Back pain problems

 
 
 
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Back Pain

 
 
The term commonly known as "back pain" may be technically referred to as lombalgy when it occurs in the lower spine (lumbar spine) or cervicalgy occurring in the upper part (cervical spine).
 
 
 
About three in four adults will have back pain during their lifetime and these numbers may rise due to poor postural habits and the increasing number of older people.
 
 
 
 
 
 

Tips for Avoiding Back Pain

 
  • Wear proper footwear
  • Avoid repetitive movements or the same position
  • Avoid violent or excessive sports
  • Avoid improper handling of weights
  • Keep weight controlled
  • Choose the stairs and not the elevator
  • Maintain a correct posture to the computer
  • To pick up on weights, do with the right column and using the legs as a lever
  • Sleeping from belly upwards overloads the spine, one should sleep on the side with cushions
 
 
 
 

Symptoms of the Disease

 
Back pain may be acute or chronic. Acute pain usually lasts four to six weeks, while chronic pain can last a lifetime, indicating a much more serious problem in the spine, such as cervical or lumbar disc hernias.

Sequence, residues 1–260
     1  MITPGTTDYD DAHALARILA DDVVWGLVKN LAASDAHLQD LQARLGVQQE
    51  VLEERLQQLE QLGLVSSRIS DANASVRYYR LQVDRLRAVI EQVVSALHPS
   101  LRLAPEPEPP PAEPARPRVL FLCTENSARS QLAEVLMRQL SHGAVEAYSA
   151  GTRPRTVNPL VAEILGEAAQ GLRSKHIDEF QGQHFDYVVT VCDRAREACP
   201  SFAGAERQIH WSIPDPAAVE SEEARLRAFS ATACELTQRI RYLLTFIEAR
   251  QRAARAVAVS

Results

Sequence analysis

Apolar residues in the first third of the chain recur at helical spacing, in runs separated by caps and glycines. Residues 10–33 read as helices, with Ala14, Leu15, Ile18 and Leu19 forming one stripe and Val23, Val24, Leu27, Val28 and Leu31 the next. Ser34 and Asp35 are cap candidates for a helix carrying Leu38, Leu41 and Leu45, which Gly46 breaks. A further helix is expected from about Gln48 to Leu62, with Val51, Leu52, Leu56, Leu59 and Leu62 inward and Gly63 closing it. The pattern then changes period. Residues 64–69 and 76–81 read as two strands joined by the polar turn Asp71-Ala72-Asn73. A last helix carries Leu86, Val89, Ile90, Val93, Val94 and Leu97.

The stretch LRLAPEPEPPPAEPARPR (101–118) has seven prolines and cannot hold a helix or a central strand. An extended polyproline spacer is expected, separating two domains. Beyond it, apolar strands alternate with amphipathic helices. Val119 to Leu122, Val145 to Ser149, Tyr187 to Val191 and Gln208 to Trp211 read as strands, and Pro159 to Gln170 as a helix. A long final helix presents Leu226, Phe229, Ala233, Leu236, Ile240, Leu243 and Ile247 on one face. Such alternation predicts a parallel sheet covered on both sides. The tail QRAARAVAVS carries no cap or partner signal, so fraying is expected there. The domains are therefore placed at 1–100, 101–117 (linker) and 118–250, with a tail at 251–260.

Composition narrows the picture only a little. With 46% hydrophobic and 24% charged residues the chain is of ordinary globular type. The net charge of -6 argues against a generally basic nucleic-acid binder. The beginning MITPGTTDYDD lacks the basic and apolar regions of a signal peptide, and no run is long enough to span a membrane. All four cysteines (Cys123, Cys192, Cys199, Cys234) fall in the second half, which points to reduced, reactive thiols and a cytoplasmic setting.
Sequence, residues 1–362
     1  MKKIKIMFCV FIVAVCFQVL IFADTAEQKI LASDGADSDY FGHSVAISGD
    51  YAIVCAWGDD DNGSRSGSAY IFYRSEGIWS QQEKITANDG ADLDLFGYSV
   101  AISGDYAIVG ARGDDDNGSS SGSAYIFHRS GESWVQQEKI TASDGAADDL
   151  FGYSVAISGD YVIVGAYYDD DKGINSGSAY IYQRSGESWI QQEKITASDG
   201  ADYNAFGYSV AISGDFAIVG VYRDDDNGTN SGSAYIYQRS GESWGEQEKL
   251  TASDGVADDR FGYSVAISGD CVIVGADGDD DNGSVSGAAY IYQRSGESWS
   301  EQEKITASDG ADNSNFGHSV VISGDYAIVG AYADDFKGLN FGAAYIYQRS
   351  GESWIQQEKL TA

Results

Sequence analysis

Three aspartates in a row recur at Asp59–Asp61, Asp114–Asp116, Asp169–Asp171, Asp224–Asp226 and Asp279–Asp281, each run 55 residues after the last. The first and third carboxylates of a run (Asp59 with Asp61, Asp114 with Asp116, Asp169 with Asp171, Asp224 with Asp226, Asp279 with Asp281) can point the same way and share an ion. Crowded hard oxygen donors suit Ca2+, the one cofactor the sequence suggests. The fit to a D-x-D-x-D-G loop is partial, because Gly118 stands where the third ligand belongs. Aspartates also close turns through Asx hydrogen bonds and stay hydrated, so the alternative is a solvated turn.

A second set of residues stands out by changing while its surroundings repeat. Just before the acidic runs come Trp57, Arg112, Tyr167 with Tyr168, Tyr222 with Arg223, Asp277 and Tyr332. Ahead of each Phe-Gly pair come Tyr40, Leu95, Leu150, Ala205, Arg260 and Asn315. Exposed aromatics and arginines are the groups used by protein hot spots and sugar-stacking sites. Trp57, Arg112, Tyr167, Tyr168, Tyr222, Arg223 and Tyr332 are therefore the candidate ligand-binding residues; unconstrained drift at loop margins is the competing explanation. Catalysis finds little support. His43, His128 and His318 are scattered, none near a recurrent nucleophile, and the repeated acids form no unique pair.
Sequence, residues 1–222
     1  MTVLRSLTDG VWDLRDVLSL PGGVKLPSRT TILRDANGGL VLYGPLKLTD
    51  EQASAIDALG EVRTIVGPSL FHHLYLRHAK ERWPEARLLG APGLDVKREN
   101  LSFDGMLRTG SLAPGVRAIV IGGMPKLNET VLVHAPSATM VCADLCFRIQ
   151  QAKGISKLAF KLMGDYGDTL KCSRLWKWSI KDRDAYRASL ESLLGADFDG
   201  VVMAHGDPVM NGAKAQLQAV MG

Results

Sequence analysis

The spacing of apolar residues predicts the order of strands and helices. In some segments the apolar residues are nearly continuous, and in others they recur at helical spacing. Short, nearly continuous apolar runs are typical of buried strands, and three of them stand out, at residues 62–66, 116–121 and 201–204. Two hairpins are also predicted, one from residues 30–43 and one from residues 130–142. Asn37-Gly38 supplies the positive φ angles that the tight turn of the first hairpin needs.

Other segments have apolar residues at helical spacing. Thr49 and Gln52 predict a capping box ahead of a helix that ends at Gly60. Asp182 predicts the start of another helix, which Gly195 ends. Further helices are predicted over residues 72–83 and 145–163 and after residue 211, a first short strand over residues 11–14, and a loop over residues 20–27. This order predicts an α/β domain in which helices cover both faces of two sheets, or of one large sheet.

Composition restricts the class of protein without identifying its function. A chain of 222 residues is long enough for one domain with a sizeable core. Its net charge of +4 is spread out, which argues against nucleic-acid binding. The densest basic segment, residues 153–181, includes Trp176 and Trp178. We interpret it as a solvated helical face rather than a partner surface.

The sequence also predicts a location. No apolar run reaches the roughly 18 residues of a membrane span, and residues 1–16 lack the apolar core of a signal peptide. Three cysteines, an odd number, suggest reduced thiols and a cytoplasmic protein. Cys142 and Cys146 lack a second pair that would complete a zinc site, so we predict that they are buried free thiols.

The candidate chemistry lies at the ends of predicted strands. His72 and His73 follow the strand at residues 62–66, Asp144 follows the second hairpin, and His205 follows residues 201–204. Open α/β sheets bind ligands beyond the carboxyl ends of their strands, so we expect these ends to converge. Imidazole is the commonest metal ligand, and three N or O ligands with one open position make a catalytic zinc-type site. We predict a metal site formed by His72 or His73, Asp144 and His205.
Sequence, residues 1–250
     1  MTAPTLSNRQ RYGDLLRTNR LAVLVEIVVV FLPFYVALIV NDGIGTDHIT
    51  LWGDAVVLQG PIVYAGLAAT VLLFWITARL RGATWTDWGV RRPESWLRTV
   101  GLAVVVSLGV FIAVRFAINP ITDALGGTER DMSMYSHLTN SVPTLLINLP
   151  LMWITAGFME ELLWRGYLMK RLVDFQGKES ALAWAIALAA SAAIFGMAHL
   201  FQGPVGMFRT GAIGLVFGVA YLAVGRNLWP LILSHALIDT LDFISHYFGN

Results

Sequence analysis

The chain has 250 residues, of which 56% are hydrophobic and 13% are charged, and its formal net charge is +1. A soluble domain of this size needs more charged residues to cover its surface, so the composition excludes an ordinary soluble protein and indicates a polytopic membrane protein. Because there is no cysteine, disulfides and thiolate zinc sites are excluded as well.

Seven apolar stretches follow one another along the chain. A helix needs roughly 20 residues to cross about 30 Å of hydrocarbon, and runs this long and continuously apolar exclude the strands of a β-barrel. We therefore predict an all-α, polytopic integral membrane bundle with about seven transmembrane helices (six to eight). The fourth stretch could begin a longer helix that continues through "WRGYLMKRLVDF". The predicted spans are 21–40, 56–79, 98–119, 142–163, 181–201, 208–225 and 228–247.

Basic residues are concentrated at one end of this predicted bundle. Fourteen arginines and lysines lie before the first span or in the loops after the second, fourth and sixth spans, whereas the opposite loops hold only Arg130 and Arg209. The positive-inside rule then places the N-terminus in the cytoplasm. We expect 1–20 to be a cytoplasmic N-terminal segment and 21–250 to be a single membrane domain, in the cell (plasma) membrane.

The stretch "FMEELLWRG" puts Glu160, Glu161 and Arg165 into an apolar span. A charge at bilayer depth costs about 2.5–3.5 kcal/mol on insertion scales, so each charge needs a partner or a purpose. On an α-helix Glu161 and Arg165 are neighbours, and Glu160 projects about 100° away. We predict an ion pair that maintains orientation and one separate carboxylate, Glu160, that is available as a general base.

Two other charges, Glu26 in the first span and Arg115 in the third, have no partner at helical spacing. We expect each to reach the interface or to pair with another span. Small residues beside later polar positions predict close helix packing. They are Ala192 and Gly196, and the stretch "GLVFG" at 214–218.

It is estimated that more than ¾ of the world population suffers from spinal / vertebral pain, better known as "back pain," most of the time this pain is intense and limits personal and professional life, decreasing quality of life and ability of the affected person to perform movements, such as spinal flexion.
 
 
 

Causes

 
There are different triggers factors for low back pain and neck pain. However, the postural question is among the main risk factors. Incorrect posture habits when lying down, sitting or performing any day-to-day activity, work and play can lead to spinal injuries.

A large portion of the population nowadays lives with back pain, resulting from poor posture, inactivity, incorrect positions in the work environment, domestic tasks among other associated factors, including the wrong execution of exercises.
 
 
 
 
 
 

Diagnosis and Examination